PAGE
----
The Wong Kim Ark Court's reference to "aliens in amity" came from Calvin's Case (1608), described by the Court as the "leading case" on the "fundamental principle of the common law with regard to English nationality." A commentator recently stated that

"[Sir Edward] Coke's report of Calvin's Case was one of the most important English common-law decisions adopted by courts in the early history of the United States. Rules of citizenship derived from Calvin's Case became the basis of the American common-law rule of birthright citizenship, a rule that was later embodied in the Fourteenth Amendment." (Polly J. Price, 9 Yale Review of Law & the Humanities, 73,74, 1997)

Coke (1552 1634) seems to have understood the phrase in a way that would exclude more than hostile enemy soldiers, more even than the subjects of foreign sovereigns with whom the English monarch was at war. Although it could not have been Coke's intention to exclude from the meaning of "aliens in amity" any alien who was in England in violation of its immigration law (there were no such laws), he did make statements with an apparently similar meaning.

Coke explained that an alien was either a friend (amicus) or an enemy (inimicus), and could be a friend only if there was a "league" between the alien's sovereign and England's. If a league existed, the alien was a friend (amicus) and could enter England without "license" of the English sovereign. The implication is that if aliens requiring a "license" came into England without one, they would be regarded as not "in amity." Thus, their children born in England would not be born "within the allegiance."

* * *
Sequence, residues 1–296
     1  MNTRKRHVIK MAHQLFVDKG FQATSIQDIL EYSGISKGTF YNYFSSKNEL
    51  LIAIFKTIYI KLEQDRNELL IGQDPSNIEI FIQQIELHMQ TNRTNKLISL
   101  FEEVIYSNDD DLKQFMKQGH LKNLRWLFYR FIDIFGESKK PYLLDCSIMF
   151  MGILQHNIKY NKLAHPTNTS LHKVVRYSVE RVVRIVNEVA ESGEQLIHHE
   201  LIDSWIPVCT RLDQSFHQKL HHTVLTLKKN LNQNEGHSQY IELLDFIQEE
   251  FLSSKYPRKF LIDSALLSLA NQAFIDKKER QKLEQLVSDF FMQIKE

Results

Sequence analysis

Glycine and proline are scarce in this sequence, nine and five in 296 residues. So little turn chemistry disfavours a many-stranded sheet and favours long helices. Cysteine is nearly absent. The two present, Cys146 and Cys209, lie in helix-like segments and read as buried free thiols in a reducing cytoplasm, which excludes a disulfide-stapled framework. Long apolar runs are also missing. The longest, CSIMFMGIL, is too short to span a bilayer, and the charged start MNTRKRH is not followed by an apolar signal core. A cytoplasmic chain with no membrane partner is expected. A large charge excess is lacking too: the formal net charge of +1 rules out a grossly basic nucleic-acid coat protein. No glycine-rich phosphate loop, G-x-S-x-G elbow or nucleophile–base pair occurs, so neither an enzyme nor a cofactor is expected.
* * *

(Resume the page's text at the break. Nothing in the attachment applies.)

Children of illegal aliens are not born "within the allegiance."

The essential elements of common-law birthright citizenship are not present for the U.S.-born child of an illegal-alien mother. It makes no sense to say that an illegal alien has a duty of allegiance, including full obedience, to the United States because the duty cannot ever be fulfilled. A person cannot at the same time be both an illegal alien and obedient to the U.S.